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Brooklyn Protest Raises Doubts About N.Y.P.D. Commitment to New Tactics

Last September, the New York Police Department signed a sweeping agreement in federal court that was meant to end overwhelming responses to protests that often led to violent clashes, large-scale arrests and expensive civil rights lawsuits.

The sight of hundreds of officers in tactical gear moving in on pro-Palestinian demonstrators in Bay Ridge, Brooklyn, on Saturday suggested to civil libertarians that the department might not abide by the agreement when it is fully implemented. At least two officers wearing the white shirts of commanders were filmed punching three protesters who were prone in the middle of a crosswalk.

And film clips of recent campus protests showed some officers pushing and dragging students, a handful of whom later said they had been injured by the police, though many officers appeared to show restraint during the arrests.

“I think members of the public are very concerned that the police will be unwilling or unable to meet their end of the bargain,” said Jennvine Wong, a staff attorney with Legal Aid, which, along with the New York Civil Liberties Union, filed a lawsuit against the city over the department’s response to protests in 2020 after the killing of George Floyd.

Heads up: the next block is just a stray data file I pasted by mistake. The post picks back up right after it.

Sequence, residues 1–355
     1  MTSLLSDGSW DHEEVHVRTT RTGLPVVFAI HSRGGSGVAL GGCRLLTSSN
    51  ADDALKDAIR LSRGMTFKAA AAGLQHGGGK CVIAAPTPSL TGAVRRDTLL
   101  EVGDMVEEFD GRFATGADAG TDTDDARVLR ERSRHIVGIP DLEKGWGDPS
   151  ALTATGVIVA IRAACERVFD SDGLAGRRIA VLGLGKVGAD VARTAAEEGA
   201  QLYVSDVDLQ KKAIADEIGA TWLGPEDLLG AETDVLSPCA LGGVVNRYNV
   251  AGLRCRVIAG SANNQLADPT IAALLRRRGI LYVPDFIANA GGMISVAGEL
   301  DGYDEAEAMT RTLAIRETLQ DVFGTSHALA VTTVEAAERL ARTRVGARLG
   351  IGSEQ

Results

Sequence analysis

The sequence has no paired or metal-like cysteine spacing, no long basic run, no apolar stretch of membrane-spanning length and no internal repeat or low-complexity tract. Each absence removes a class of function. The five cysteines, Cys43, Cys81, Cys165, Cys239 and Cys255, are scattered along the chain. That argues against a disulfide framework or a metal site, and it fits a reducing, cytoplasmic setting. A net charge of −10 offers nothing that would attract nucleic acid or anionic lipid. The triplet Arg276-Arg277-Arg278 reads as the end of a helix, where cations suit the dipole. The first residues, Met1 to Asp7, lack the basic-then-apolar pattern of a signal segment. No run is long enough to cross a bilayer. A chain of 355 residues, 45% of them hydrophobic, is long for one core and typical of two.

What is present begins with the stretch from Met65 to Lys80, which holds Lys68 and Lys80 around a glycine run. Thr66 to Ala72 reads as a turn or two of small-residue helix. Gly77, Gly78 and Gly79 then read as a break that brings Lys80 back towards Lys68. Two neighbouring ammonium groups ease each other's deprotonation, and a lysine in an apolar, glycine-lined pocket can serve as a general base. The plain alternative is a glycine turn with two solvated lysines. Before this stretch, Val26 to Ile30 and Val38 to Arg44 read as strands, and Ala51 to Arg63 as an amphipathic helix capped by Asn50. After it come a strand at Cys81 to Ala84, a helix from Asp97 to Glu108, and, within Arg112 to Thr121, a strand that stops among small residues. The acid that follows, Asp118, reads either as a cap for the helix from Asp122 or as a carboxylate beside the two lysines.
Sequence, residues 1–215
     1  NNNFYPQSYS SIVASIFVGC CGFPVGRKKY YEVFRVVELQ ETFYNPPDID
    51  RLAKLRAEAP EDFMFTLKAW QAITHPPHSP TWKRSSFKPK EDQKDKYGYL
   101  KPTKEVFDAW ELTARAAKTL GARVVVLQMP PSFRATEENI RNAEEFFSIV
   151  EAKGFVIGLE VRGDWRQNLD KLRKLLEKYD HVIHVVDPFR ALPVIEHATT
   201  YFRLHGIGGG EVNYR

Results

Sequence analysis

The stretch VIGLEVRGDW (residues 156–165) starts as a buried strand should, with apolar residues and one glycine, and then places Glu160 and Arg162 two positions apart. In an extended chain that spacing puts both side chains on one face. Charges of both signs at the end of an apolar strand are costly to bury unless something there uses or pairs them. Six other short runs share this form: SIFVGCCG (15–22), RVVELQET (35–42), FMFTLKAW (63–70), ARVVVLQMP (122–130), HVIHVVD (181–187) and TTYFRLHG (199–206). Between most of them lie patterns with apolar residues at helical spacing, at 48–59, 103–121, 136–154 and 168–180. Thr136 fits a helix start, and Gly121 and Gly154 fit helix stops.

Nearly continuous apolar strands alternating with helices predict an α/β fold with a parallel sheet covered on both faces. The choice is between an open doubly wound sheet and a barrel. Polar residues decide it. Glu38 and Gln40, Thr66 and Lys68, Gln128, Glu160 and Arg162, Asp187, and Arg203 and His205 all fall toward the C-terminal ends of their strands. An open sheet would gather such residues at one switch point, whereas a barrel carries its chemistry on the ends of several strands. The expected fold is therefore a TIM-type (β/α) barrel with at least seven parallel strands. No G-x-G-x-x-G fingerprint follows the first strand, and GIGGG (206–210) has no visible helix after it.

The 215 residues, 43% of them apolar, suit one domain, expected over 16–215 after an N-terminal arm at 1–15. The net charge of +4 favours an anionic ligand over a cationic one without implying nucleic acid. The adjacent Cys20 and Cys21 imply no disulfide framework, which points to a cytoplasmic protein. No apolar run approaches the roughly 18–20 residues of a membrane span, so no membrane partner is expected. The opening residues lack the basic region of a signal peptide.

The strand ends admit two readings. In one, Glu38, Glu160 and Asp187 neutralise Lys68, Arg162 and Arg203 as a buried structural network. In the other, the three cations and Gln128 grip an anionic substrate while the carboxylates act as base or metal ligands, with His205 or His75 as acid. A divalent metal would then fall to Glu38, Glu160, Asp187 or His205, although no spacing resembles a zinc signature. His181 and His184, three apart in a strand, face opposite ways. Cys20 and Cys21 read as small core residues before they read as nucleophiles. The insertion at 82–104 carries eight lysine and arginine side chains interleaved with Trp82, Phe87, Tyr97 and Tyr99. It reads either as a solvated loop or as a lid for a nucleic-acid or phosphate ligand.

That lawsuit was later combined with a complaint filed by Letitia James, the state attorney general, over what she called widespread abuses during the Black Lives Matter protests. Last fall, police officials and Ms. James reached the agreement in federal court, intended to strike a new equilibrium between the department’s need to preserve public safety and the rights of protesters.

The city, along with two major police unions, agreed to develop policies and training that would teach the department to respond gradually to demonstrations, rather than sending in large numbers of officers immediately, and to emphasize de-escalation over an immediate show of force. The implementation was expected to take three years.

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